Objective: Adult attachment has been suggested to mediate the effect of social support on stress protection. The
purpose of this study was to investigate the effects of adult attachment and social support on psychological
and endocrine responses to psychosocial stress.
Methods: Sixty-three healthy men who were married or cohabiting were randomly assigned to receive either instructed social support from their partner or no social support before being exposed to a standardized psychosocial
stressor (Trier Social Stress Test). Attachment was determined using the Experiences in Close Relationships - Revised questionnaire (ECR-R). State anxiety, mood, and salivary cortisol levels were
repeatedly assessed before and after stress.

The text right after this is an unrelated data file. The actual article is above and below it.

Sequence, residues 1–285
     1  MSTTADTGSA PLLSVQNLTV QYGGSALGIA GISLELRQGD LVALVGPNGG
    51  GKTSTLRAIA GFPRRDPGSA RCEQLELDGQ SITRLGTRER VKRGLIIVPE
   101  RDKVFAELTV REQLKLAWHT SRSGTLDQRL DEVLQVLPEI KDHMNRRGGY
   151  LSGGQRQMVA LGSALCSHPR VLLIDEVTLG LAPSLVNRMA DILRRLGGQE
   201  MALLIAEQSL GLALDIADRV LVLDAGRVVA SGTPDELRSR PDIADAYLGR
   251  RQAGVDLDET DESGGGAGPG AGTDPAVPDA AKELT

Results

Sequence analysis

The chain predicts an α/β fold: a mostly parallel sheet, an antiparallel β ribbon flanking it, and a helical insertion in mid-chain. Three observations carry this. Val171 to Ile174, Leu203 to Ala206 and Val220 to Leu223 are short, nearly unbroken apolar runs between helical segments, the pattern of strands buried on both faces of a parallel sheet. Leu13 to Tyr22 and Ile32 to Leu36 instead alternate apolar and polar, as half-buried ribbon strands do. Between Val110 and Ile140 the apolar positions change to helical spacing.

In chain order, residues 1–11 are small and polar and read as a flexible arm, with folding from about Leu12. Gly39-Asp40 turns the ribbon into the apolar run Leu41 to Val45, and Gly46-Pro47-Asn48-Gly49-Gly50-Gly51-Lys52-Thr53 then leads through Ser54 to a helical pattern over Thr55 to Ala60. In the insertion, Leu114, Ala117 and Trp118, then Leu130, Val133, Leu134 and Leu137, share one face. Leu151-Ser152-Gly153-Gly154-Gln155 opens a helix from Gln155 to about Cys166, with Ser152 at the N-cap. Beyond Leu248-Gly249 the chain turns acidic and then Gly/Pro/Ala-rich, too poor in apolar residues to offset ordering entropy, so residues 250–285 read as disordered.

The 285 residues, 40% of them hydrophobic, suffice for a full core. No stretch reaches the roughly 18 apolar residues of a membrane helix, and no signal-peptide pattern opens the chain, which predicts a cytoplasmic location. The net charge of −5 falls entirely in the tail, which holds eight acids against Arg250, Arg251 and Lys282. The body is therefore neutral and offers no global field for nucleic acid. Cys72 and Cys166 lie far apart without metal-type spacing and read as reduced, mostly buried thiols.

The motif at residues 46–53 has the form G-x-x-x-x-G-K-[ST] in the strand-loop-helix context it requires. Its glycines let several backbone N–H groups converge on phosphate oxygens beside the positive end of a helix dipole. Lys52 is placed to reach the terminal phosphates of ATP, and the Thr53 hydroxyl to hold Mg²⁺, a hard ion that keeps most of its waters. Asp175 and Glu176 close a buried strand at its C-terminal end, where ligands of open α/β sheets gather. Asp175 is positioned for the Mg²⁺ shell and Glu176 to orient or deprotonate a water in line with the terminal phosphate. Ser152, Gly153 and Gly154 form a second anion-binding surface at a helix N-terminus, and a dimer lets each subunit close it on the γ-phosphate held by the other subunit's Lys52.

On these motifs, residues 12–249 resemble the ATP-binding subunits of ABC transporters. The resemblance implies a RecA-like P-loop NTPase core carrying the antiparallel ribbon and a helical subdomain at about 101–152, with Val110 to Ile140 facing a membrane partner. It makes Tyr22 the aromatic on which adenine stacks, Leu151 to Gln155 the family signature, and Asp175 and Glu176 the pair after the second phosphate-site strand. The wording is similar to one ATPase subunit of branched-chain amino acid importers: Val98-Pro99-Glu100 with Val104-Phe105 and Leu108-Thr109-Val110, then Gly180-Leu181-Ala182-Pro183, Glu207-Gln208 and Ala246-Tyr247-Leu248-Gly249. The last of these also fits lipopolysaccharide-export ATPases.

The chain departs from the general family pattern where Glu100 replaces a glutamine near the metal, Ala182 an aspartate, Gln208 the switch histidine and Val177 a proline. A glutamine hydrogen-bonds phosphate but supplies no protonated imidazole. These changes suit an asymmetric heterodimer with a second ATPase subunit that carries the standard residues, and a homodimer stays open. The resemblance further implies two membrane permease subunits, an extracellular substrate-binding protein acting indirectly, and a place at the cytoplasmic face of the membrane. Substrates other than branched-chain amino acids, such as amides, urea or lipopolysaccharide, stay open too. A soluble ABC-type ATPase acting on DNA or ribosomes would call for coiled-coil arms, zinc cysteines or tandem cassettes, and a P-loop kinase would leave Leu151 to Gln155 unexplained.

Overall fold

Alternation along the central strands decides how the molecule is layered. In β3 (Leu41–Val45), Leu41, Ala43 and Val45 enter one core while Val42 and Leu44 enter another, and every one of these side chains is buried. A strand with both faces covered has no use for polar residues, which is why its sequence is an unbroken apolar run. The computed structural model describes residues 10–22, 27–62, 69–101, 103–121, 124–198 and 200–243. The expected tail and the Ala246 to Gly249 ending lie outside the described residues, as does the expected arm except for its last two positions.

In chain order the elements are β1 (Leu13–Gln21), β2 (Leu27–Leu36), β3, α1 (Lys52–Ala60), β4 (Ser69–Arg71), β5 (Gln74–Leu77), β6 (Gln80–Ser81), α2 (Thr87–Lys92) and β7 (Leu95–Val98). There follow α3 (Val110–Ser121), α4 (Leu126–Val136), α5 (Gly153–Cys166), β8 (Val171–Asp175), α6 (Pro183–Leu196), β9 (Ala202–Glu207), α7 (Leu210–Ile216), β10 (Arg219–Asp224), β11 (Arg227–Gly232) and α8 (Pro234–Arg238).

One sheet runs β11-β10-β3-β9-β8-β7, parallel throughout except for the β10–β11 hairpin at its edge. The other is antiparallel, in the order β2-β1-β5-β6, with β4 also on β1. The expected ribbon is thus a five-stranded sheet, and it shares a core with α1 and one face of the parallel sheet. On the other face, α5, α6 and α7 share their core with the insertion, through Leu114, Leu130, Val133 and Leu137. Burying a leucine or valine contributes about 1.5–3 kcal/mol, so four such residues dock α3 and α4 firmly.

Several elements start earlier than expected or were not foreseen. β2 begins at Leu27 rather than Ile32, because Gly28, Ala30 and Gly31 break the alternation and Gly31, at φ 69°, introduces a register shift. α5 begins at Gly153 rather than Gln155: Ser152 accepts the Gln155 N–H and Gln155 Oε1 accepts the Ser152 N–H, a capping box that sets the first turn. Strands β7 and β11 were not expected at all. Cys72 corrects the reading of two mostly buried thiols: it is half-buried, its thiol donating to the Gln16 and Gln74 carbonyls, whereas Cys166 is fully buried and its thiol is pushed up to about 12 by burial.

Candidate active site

Results: Secure attachment was associated with stronger decreases in state anxiety levels following stress exposure.
More importantly, the combination of social support and secure attachment exhibited the lowest anxiety levels after stress (interaction effect). Social support alone reduced cortisol responses to stress, whereas secure attachment did not influence cortisol concentrations.
Conclusion: This first study on the interaction of adult attachment and social support in terms of psychological and
endocrine stress responses concurs with previous studies suggesting an important protective role of attachment for psychological stress responsiveness. However, attachment did not directly moderate cortisol responses to acute stress.